SEATTLE — Bartell Drugs plans to discontinue filling Medicaid prescriptions at 15 of its 57 stores, citing recent reductions in compensation from Washington state.
The drug store chain said Thursday that it will stop providing Medicaid prescriptions in 12 King County and three Snohomish county, effective February 1.
Bartell Drugs noted that on September 26, 2009, the industry pricing standard was cut following a court decision in Massachusetts in the First DataBank and Medi-Span case. The decision meant that effective on that date, average wholesale prices (AWPs) of drugs paid to pharmacies would be reduced to 120% of the wholesale acquisition cost (WAC).
George Bartell, chairman and chief executive officer of Bartell Drug, explained that unlike most other insurance providers including other states, the Washington State Department of Social and Health Services (DSHS) has made no effort to offset that reduction, resulting in sizable reductions in payments to pharmacies.
Bartell said lengthy discussions between pharmacy industry leaders and DSHS, along with subsequent legal actions, have failed to resolve the pharmacy reimbursement issue and that the intent is merely to return to the established level of compensation before the September 26 court action.
"We want to fill prescriptions. Bartell Drugs is here to serve our customers — to fill their prescriptions and meet their health care needs, and we feel we do a good job offering outstanding patient care," he said in a statement. "Accordingly, this is a painful decision and one we do not take lightly. We want to be clear that the decision has nothing to do with our DSHS customers but only with the state. We look forward to serving these customers any other way we can."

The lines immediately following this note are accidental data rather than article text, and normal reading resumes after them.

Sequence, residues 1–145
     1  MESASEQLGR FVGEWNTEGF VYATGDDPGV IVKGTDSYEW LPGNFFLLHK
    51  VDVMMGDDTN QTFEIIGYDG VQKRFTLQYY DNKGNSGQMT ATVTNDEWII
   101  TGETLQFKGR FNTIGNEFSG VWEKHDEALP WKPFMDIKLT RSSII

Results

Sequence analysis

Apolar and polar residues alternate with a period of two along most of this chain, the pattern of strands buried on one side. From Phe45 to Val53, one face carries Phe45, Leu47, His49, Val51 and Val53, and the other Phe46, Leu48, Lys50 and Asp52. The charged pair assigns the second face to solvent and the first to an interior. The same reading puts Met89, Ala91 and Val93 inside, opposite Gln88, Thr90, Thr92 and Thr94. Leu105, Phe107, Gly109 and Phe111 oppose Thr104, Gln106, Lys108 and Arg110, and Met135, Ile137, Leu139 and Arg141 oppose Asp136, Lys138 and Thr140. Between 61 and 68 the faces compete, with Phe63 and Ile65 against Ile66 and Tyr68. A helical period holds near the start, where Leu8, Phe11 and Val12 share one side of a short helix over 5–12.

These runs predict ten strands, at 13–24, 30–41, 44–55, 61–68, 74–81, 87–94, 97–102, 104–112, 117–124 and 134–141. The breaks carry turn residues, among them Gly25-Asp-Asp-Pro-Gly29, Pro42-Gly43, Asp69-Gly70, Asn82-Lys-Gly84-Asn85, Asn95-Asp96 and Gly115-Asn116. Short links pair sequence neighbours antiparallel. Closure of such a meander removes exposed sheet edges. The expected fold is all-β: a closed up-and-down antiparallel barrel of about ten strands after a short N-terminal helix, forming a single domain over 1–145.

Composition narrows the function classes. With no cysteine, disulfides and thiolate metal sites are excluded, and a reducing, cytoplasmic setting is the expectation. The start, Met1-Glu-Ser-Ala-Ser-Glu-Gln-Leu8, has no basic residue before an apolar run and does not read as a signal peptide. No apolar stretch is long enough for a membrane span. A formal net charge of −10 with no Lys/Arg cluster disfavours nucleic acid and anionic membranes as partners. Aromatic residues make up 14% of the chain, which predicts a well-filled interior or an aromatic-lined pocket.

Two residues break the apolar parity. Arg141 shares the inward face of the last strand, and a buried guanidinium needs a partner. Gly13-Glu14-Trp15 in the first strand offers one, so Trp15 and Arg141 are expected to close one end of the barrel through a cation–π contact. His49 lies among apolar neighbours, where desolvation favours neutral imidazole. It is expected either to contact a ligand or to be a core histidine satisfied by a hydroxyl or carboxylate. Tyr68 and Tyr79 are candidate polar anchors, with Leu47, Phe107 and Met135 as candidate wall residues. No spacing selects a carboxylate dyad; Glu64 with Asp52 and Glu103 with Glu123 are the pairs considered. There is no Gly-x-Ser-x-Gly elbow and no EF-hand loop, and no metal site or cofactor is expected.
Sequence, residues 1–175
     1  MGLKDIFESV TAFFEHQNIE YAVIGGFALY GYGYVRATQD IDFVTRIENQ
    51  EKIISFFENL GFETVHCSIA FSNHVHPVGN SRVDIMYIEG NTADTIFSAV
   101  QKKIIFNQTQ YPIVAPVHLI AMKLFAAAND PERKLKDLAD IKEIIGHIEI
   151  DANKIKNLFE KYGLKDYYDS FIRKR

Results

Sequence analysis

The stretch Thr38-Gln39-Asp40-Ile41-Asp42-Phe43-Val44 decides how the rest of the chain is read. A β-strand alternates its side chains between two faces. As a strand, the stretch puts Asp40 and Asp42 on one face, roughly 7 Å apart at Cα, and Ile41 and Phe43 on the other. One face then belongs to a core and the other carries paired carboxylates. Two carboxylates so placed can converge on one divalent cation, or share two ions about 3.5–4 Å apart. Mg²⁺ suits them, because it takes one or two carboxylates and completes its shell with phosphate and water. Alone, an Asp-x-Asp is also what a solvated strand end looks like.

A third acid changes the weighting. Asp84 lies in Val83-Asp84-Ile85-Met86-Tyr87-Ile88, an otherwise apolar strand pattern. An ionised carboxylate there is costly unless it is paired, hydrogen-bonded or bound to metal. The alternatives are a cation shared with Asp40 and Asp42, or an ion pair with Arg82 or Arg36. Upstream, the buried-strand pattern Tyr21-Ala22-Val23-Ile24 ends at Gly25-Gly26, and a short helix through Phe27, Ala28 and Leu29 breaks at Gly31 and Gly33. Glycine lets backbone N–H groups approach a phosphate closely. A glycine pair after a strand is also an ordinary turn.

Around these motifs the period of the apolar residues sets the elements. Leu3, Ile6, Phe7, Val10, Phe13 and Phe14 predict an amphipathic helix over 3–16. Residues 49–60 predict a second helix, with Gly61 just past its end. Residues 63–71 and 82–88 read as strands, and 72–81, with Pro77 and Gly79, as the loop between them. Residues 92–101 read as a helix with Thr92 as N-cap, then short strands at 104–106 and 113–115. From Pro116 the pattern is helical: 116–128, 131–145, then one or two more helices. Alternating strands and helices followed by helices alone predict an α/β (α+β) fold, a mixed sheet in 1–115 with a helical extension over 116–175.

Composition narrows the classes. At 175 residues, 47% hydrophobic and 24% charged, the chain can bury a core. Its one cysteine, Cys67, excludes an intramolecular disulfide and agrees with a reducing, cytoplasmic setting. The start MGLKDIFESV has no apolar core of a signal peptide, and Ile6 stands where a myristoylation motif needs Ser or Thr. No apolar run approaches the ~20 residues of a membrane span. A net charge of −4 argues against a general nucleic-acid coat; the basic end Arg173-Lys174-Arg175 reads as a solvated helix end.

"I can’t speak for other pharmacies across the state, but we hope that the state will reconsider their reimbursement and meet its responsibility to provide access to all Medicaid recipients," Bartell added. "Our sincere hope is that this issue will be resolved so we do not need to expand our exclusion of DSHS prescription services to additional locations."
The National Association of Chain Drug Stores and the Food Marketing Institute (FMI) were among the retail pharmacy groups warning that the Medicaid pharmacy reimbursement cuts could have devastating consequences for drug retailers.
In comments to Chain Drug Review on the 2010 retail outlook for the chain drug industry, Bartell cited the reimbursement issue as one of the big concerns for the pharmacy sector.
"Our state [Washington] is one where NACDS, in conjunction with the state pharmacy association, has filed a lawsuit to stop a Medicaid reimbursement rate cut," Bartell told Chain Drug Review. "Right now we’re filling Medicaid prescriptions below our operating cost, and we can’t continue to do that."